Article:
The US accidentally killed a civilian in the second drone strike that targeted al Qaeda in the Arabian Peninsula in the eastern Yemeni province of Hadramout so far this year.
The remotely piloted Predators or the more deadly Reapers killed a farmer in the village of Houta near Shibam, according to Reuters. “Witnesses said the farmer was killed by shrapnel from two rockets fired by the drone early in the morning as he walked home in the village,” the wire service reported.
The identity of the AQAP operative or operatives targeted in today’s strike was not disclosed. AQAP is known to operate openly in Hadramout province.
Hadramout is the ancestral home of Osama bin Laden, and the province has become an AQAP bastion over the past several years. AQAP has regrouped in Hadramout and other provinces after losing control of major cities in Abyan and Shabwa provinces to government forces starting in late spring 2012. In May 2013, the Yemeni government claimed it foiled a plot by AQAP to establish an Islamic emirate in the Ghayl Bawazir area.
AQAP has launched a series of assassinations and complex attacks against Yemeni security forces in the province. In September 2013, a platoon-sized AQAP assault team stormed a base run by the Interior Ministry’s paramilitary Central Security Organization in the city of Mukallah, the capital of Hadramout province. Several soldiers were killed and the base was held by AQAP for days before it was retaken by commandos.
US strikes in Hadramout increase
In 2012, the US stepped up drone strikes against AQAP in Hadramout. Prior to May 2012, there were zero US drone strikes in the province. From mid-May until the end of 2012, the US launched seven attacks in Hadramout. Seven of the 41 drone strikes in Yemen in 2012, or 17%, took place in the province. In 2013, six of the 26 strikes in Yemen, or 23%, occurred in Hadramout. Both of the drone strikes recorded in Yemen this year have taken place in the eastern province.
Five of the past six drone strikes have been executed in Hadramout. Two of the strikes were carried out in Al Qutn; two more occurred in Shibham; and other hit a target in Ghayl Bawazir.
Today’s strike is the third recorded in Yemen since Dec. 12, when US drones accidentally killed 15 civilians as they traveled in a wedding party in Rada’a in the central province of Al Baydah. Yemeni officials said that the strike targeted Shawqi Ali Ahmad al Badani, a wanted midlevel AQAP commander. Al Badani is said to be linked to the al Qaeda plot that resulted in the shuttering of US embassies and diplomatic facilities worldwide. US officials claimed that no civilians died in the strike, and that between nine and 12 AQAP fighters were killed. The US has opened an investigation into the claims that civilians were killed in the Dec. 12 strike.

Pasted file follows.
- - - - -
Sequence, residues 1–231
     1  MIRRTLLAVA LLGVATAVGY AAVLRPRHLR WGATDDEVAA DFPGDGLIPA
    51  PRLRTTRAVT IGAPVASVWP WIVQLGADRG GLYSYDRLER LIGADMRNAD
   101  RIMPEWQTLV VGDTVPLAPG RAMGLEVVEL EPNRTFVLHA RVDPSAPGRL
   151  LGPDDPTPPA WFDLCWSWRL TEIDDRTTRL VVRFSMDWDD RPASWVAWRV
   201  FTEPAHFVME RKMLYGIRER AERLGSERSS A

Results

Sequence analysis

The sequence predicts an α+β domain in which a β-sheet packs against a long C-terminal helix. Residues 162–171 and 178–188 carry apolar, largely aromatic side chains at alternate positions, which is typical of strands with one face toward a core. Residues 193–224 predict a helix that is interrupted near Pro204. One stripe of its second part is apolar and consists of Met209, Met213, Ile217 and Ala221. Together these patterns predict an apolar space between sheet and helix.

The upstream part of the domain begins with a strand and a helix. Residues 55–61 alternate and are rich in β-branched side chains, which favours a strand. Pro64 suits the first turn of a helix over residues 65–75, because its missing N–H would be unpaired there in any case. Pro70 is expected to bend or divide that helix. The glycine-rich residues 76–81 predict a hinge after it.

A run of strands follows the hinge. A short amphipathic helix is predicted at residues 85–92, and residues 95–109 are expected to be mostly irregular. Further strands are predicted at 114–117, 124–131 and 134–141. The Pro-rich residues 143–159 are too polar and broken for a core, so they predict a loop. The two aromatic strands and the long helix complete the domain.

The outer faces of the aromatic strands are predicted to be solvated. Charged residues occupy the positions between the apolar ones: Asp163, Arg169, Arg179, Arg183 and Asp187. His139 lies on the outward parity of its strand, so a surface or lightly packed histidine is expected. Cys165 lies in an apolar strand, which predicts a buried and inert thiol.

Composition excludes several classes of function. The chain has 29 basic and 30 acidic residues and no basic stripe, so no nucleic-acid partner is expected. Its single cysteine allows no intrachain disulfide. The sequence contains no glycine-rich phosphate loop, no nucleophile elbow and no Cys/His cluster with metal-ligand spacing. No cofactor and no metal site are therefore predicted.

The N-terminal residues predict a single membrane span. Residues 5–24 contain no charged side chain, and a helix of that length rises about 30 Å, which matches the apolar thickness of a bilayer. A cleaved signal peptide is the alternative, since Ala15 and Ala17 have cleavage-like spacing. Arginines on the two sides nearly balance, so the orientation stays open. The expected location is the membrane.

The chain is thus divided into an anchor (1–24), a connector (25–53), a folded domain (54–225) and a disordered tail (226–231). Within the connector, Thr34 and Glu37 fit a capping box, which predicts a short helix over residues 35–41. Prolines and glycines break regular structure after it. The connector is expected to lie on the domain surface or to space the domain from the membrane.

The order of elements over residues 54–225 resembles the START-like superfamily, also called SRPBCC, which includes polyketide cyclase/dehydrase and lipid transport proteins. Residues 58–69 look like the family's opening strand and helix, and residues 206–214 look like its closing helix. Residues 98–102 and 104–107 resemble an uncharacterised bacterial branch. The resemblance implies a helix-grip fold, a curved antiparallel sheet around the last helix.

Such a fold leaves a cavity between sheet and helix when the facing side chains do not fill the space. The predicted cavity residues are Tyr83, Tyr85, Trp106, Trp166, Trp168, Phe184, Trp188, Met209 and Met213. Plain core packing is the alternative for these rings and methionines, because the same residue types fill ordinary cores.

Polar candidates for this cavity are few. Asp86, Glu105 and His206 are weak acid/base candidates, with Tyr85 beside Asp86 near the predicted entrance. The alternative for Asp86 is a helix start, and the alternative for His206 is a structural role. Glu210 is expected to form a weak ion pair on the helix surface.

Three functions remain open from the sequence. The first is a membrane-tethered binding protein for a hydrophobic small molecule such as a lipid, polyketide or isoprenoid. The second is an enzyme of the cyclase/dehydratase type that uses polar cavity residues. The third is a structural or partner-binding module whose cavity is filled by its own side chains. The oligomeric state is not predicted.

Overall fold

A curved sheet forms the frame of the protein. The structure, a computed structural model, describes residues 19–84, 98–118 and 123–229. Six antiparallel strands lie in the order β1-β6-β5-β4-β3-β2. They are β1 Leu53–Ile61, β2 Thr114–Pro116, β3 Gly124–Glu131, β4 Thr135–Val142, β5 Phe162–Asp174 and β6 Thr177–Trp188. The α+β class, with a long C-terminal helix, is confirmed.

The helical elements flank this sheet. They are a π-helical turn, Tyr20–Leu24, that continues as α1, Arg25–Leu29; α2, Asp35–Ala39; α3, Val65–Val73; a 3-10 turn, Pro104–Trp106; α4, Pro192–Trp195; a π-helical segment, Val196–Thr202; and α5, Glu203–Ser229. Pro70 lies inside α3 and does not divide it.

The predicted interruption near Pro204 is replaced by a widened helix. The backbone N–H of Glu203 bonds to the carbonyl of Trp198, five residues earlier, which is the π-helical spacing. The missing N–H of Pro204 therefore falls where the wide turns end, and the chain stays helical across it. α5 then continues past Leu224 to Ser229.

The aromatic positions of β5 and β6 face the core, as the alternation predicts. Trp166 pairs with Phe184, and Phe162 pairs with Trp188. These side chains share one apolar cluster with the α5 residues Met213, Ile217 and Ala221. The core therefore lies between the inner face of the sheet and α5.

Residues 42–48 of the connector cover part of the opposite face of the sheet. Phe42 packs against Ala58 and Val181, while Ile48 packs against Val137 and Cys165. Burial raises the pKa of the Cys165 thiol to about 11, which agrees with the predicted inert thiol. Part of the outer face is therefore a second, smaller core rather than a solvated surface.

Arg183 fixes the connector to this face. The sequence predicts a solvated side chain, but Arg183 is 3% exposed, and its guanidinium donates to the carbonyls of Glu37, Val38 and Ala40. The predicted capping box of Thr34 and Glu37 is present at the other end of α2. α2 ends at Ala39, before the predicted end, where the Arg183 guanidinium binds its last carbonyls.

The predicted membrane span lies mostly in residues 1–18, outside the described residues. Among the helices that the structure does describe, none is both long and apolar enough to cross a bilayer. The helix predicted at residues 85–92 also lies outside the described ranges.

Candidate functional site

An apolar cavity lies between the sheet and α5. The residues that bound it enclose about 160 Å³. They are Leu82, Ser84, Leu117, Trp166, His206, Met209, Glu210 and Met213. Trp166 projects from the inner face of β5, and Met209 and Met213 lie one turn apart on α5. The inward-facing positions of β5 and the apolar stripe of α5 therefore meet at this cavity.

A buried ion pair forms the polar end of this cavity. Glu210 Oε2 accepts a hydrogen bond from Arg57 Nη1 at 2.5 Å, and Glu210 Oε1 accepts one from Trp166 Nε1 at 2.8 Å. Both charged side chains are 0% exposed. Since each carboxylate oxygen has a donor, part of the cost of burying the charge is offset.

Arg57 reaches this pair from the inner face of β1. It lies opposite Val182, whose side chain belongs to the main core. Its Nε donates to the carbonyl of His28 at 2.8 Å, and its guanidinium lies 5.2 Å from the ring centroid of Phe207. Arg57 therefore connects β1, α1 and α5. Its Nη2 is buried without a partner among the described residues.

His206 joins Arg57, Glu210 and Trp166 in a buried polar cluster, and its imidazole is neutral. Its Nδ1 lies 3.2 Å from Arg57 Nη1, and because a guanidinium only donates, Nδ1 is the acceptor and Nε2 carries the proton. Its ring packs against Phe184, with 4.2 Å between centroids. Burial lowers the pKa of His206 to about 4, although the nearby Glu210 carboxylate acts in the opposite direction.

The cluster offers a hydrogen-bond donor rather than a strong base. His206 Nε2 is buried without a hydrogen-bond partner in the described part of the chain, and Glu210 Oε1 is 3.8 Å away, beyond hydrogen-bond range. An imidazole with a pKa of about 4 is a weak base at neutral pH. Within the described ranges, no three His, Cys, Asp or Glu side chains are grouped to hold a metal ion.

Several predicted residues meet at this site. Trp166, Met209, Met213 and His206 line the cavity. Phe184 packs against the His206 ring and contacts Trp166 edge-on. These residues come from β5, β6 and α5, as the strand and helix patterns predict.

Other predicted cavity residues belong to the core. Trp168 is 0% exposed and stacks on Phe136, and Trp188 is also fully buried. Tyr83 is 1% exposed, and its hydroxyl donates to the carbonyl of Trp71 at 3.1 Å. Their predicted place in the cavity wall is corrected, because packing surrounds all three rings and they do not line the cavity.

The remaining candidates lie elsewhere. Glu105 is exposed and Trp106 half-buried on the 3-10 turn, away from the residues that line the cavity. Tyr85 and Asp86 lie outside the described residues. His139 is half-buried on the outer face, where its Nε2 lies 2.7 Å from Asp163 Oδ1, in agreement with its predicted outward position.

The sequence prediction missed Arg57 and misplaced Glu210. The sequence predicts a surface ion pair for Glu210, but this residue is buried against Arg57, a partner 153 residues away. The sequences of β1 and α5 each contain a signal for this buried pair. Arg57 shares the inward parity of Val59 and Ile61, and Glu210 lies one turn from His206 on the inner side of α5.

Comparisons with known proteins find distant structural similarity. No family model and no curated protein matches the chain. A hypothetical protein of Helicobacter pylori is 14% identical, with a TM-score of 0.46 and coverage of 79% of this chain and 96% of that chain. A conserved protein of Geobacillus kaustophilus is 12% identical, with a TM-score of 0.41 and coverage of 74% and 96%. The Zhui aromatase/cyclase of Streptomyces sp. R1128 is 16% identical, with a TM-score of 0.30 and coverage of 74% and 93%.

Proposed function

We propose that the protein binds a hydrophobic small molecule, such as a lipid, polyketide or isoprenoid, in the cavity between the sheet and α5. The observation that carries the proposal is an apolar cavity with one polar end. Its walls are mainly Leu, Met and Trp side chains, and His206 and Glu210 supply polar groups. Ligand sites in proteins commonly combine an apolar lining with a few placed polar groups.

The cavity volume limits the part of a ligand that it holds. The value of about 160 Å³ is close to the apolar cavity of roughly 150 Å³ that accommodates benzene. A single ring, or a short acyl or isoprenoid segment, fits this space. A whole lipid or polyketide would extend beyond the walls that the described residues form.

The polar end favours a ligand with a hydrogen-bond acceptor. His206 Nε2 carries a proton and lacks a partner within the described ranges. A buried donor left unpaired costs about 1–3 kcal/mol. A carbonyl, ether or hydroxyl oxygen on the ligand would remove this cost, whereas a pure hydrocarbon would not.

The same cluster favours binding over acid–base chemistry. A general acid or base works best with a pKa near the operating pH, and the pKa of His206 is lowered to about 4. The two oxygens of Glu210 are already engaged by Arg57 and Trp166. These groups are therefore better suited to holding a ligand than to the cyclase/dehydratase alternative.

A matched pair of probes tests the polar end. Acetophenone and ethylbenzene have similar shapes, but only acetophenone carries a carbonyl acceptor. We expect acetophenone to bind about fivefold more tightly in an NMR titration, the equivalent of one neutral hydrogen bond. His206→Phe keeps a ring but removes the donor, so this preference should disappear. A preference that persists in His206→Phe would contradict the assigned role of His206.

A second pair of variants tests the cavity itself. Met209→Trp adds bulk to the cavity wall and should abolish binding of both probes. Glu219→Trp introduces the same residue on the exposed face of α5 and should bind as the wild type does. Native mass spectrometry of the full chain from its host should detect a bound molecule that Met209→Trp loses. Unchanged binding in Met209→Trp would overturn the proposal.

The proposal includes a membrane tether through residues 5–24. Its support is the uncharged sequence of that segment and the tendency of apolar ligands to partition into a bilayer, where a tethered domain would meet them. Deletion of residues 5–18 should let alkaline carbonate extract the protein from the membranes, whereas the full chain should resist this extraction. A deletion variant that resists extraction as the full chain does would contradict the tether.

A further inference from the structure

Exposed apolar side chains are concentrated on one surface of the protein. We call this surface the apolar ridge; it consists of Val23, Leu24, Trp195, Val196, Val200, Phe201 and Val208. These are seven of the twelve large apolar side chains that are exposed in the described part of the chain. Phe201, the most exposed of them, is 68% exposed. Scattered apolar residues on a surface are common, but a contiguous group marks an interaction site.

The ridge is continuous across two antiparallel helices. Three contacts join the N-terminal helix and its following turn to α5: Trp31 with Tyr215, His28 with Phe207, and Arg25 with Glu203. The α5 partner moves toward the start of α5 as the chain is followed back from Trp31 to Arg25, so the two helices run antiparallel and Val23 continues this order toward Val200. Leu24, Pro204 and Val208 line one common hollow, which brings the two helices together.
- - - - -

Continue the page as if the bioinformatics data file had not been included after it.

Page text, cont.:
Background on US strikes in Yemen
Today’s strike is the fifth in Yemen since Dec. 6, when AQAP penetrated security in a major attack at Yemen’s Ministry of Defense in Sana’a. The suicide assault resulted in the deaths of 52 people, including foreign doctors and nurses, and 11 AQAP fighters. AQAP claimed that the assault targeted the US-run “operation rooms” for the drone program in Yemen.
The pace of the drone strikes in Yemen decreased last year from the previous year (26 in 2013 versus 41 in 2012). The reduction in the number of strikes coincided with a speech by President Barack Obama at the National Defense University in May 2013. The strikes are being reduced as the US government is facing increasing international criticism for conducting the attacks in both Yemen and Pakistan.
The number of strikes might have been much lower in 2013 were it not for an al Qaeda plot emanating from Yemen that was uncovered by US officials in late July. The plot led the US to close down more than 20 embassies and diplomatic facilities across Africa, the Middle East, and Asia. The plot involved AQAP emir Nasir al Wuhayshi, who now also serves as al Qaeda’s general manager.
Between July 27, after the plot was disclosed, and Aug. 10, the US launched nine strikes in Yemen; no drone strikes were reported for seven weeks prior to July 27. The burst in attacks was intended to disrupt the plot and take out AQAP’s top leadership cadre and senior operatives. The US killed Kaid al Dhahab, AQAP’s emir for Al Baydah province, during that time period.
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